Two points, today, thank you very much.
photo: Getty Images
Well, that was . . . oops, hold on, gotta fix the glass . . . as we were saying, that was nice. The Caps . . . oops, there goes the glass again. The Caps might have won ugly, but the operative word there is “won.” When Matt Pettinger scored less than three . . . damn, there goes that glass again! When Pettinger scored less than three minutes into the . . . ARGHHHH!! Will somebody fix the #@%&ing glass?
OK . . . when Pettinger scored less than three minutes in, it looked as if the Caps might have one of those games when things click, and the opponent goes scurrying for cover as the good guys unleash a goal scoring onslaught. Well, that didn’t happen. But Olaf Kolzig almost made the singleton stand up. He did allow a shorthanded goal as the Caps played goofy with the man advantage, and Kolzig seemed to lack an awareness about who was lurking around his crease as Mike Sillinger pounded home the tying tally 27 seconds into the second period.
But that was it. No more soup for you. Take your fey little striped sleeve jerseys and go away. The Islanders tried to make an ugly game of it, and for the most part they succeeded. Between the Islanders’ painful approach to the game, the interminable stoppages for glass repair, the Caps’ own ability to take the most basic of plays – the pass from teammate to teammate – and turn it into an Indiana Jones adventure moment, this game would make the short list of ugliest NHL games of the year. You didn’t need a watch to time this game, you needed a calendar. The mites at the first intermission displayed more flow and cohesiveness.
But in the end, Alexander Semin scored a shootout goal – where else – over the goalie’s glove to give the Caps the 2-1 win and put to an end the three game losing streak.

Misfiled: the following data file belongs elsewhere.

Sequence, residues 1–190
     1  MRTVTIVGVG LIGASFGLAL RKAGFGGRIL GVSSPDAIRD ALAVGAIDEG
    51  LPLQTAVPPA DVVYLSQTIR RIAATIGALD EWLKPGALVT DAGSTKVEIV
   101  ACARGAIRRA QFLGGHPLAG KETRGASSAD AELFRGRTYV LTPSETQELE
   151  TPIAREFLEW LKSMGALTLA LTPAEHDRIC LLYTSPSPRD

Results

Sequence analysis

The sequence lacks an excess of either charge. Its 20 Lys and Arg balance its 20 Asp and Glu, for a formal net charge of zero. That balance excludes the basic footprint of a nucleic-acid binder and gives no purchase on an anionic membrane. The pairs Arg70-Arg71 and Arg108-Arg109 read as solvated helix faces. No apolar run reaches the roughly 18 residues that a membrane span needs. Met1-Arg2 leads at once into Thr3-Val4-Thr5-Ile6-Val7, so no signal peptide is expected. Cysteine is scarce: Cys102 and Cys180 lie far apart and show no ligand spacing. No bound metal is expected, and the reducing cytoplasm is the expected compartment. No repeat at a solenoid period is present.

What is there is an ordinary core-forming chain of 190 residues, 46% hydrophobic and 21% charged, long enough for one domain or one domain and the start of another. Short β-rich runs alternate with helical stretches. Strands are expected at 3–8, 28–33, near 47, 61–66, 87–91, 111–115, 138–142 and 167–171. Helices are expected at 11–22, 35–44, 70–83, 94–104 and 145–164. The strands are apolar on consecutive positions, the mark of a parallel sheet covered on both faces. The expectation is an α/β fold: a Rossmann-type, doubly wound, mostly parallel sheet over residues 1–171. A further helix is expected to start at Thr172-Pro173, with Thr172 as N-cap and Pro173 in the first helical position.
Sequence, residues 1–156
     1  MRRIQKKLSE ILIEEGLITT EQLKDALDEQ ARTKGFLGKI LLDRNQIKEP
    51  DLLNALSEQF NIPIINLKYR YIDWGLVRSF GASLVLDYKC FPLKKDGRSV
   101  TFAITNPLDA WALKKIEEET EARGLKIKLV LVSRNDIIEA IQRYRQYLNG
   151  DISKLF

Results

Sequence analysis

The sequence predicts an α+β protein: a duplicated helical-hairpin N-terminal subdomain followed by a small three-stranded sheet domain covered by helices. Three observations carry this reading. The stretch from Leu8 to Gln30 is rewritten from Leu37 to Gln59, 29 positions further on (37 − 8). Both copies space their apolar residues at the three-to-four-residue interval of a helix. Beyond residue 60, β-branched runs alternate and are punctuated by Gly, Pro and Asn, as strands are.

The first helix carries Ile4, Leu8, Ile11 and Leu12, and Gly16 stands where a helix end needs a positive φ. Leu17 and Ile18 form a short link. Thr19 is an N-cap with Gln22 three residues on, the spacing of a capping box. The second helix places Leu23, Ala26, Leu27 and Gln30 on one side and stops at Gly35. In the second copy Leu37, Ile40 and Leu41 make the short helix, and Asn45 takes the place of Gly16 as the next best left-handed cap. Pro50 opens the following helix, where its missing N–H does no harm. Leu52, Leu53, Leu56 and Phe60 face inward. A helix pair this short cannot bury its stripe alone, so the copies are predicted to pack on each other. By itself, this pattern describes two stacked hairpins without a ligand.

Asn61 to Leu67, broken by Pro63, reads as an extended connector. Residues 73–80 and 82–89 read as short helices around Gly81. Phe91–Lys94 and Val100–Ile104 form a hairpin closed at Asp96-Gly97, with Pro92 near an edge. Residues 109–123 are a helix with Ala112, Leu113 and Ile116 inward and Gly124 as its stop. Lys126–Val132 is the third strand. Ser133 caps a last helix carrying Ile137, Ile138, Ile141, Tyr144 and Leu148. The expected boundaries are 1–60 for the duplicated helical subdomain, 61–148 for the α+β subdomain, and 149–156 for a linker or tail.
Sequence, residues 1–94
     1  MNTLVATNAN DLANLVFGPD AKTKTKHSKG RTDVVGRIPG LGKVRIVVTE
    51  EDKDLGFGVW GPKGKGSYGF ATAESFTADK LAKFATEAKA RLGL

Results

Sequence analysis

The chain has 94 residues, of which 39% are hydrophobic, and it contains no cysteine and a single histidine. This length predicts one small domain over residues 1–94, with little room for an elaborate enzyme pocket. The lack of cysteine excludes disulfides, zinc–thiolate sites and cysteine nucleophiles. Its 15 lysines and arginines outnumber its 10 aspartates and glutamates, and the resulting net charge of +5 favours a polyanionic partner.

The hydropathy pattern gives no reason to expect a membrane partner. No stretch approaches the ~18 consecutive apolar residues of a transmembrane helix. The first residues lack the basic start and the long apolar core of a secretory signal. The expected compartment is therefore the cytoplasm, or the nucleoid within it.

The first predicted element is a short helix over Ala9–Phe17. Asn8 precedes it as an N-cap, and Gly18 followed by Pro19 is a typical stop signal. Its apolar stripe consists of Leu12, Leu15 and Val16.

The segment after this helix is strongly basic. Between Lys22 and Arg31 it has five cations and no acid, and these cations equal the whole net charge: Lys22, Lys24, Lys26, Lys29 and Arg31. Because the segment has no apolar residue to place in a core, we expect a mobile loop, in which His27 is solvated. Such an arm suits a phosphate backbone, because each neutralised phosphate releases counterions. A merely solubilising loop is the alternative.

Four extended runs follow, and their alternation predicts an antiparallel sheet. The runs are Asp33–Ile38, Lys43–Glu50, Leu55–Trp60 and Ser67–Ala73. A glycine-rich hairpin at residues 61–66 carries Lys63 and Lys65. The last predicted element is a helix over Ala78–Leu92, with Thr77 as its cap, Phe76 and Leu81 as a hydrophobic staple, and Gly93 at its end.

If there were numbers of note in this game, they were those that reflectedwhat looked like a “short bench” strategy by Glen Hanlon:
- Brian Sutherby: 7:41 of ice time and only one shift in the last 27 minutes of regulation and overtime
- Donald Brashear: 4:40 of ice time and none in the last 31 minutes of regulation and overtime.
- Matt Bradley: 7:56 of ice time and one shift in the last 27 minutes.
Maybe they had Super Bowl party hors d’oeuvres in the oven . . .
On the other hand, the new kid got the most ice time again. Milan Jurcina had 25:47 and displayed a talent that Caps defensemen have not often displayed this year – the ability to actually get the puck to the net. He was credited with five shots on goal.
Richard Zednik did well in his audition for other clubs, almost stuffing the puck on a wrap-around in the first period (which led directly to Pettinger’s goal on the follow-up) and skating with energy in his 17 minutes.
The top line of Alex Ovechkin, Dainius Zubrus, and Chris Clark was held with out a shot for the first 41 minutes of the game. Hard to score that way.
Steve Eminger might have played his best game of the season. In almost 25 minutes, he was as steady and sound as perhaps in any game of his young career. He and Jeff Schultz made a good pair (Schultz chipped in with five blocked shots and used his reach to foil Islanders trying to maneuver the puck along the boards all afternoon).
This was not a game for the video highlight vault, unless you’re thing is watching guys repair dislodged panes of glass. But a win is a win is a win. And the Caps, not to mention their fans, will accept the two points gladly. It was a good start to a four game homestand. All of the games this week are winnable, and for the Caps to maintain even a glimmer of playoff hope, it is likely that all have to be won. But it’s one at a time, and this one was good for two points. Nicely done, guys.